By ebbu Staff
Cannabis researchers working to take the mystery out of cannabis as medicine are digging deeper into the chemical structure of this complex plant, discovering more about the true source of its seemingly magical medical properties. Along the way, they have uncovered an interesting trick—the human body is designed to interact with cannabis, in the form of compounds in the plant known as cannabinoids.
Cannabis researchers have identified two primary cannabinoid receptors: cannabinoid receptor 1 (CB1), predominantly present in the nervous system, particularly the brain and other organs including the adrenal gland, heart, lung, prostate, uterus and ovaries; and cannabinoid receptor 2 (CB2), predominantly found in the immune system.
When cannabis is ingested, your endocannabinoid system interacts naturally with various cannabinoid compounds. Cannabis researchers have been studying the benefits of these interactions as alternative treatments for a variety of human illnesses and conditions, from reproductive health and multiple sclerosis to mental health disorders such as schizophrenia.
The National Cancer Institute reports that cannabinoids can treat the side effects of cancer therapy, and that cannabis has been shown to kill cancer cells in laboratory tests.
Two primary cannabinoids, cannabidiol (CBD) and tetrahydrocannabinol (THC)—discovered by cannabis researchers in 1963 and 1964 respectively—are familiar to most cannabis consumers. THC is the intoxicating cannabinoid of the cannabis plant, used to increase appetite, decrease pain, reduce inflammation and aid in muscle control problems. CBD, a non-psychoactive cannabinoid, also works to decrease pain and inflammation and has been found to be an effective treatment for epileptic seizures.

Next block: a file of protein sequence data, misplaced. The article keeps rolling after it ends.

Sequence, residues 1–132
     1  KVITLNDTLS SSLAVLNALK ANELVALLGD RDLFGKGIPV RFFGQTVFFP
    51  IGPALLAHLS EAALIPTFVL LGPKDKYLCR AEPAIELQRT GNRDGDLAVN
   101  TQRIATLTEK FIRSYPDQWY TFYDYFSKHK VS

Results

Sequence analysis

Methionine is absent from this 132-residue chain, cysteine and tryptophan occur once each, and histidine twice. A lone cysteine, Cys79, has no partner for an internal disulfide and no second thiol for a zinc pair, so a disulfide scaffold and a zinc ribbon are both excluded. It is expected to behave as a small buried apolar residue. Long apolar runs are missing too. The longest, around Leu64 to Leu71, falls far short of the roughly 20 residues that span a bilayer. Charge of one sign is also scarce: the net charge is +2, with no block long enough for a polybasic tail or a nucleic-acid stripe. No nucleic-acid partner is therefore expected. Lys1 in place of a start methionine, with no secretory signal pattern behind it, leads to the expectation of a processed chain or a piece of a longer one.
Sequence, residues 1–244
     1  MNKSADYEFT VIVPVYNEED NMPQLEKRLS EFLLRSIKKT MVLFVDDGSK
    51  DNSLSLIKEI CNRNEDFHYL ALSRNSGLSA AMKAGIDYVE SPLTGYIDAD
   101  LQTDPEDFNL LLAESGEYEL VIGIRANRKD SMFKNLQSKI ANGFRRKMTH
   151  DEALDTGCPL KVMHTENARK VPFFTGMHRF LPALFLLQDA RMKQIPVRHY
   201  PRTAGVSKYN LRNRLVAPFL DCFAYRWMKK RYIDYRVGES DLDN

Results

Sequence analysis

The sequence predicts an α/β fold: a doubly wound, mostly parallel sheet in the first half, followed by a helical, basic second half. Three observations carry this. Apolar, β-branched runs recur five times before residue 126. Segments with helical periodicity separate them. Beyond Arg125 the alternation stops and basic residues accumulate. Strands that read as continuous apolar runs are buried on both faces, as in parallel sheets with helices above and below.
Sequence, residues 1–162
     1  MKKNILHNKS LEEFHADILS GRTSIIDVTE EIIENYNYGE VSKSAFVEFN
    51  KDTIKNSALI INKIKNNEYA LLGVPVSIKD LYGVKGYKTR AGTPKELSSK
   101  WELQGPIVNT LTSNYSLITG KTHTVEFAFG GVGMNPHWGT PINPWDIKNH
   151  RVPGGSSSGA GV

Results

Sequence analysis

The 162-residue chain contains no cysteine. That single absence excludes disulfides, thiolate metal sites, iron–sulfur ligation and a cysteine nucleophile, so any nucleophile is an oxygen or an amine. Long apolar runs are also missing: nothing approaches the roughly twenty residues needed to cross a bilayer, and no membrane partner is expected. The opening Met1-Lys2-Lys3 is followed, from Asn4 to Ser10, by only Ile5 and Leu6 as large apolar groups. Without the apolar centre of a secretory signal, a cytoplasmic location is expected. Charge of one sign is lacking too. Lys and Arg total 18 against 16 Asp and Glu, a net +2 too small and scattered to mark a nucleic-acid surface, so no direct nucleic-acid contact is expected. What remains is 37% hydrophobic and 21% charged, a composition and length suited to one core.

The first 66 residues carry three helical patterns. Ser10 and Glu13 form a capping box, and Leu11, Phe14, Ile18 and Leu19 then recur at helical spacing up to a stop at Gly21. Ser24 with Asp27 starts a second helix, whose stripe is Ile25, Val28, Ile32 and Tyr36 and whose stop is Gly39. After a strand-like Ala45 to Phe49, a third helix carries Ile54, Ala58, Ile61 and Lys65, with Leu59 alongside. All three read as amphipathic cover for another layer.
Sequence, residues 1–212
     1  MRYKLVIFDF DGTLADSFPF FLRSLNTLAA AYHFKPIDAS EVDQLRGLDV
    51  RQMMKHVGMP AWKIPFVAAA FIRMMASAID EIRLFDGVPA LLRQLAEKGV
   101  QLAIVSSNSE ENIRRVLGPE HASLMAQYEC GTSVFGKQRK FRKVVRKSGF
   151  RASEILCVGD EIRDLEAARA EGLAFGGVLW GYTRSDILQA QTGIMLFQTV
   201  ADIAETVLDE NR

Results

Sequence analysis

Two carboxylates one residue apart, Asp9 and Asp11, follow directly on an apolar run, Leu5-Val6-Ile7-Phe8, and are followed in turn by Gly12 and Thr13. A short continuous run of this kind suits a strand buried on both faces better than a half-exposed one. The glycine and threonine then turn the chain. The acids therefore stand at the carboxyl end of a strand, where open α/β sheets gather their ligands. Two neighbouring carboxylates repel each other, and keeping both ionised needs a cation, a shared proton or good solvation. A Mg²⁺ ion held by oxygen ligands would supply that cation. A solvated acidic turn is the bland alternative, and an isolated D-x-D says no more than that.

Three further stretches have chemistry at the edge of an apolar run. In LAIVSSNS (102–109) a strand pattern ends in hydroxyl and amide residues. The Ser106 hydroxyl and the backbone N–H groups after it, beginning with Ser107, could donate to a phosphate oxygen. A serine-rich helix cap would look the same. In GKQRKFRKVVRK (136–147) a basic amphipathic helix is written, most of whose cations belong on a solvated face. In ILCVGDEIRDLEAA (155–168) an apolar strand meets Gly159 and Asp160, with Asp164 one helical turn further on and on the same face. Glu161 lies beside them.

But those two cannabinoid compounds represent just the tip of the iceberg. Researchers have so far discovered over 100 different cannabinoid compounds from the cannabis plant that can interact with the body’s endocannabinoid system.
Identified cannabinoids include cannabigerol (CBG), an antibiotic; cannabichromene (CBC), an anti-inflammatory; various subsets of THC, including THCV, an analgesic, and THCA, a non-psychoactive cannabinoid acid found in raw cannabis that can be used to treat epilepsy; cannabinol (CBN), a sedative and anticonvulsant; cannabidiolic acid (CBDA), an antibiotic; and cannabifuran (CBF), an antibiotic.
Many other identified cannabinoids, such as cannabitriol (CBT), cannabioxepane (CBX) and cannabinodivarin (CBDV), have been shown to affect the endocannabinoid receptors, and more clinical studies are underway by cannabis scientists, including ebbu’s own research team.
In fact, the National Institute of Health has spent nearly $500 million on research into cannabinoids and the endocannabinoid system since 2015, with another $143 million projected for this year. Their clinical research is examining all classes of cannabinoids, including the molecules that change their concentration or activity, and how these compounds interact with the body’s endocannabinoid system.
In the meantime, anecdotal reports by medical patients about the beneficial effects of cannabis, along with deeper and broader research by scientists, continue building evidence about the efficacy of cannabinoids working in the human body.
And one day, many years from now, we may know all the secrets of this amazing plant, including the ways in which the dozens of other cannabinoids interact with the endocannabinoid system, both individually and in combination with each other, and how those interactions might benefit the humans the cannabis plant seems to naturally want to help.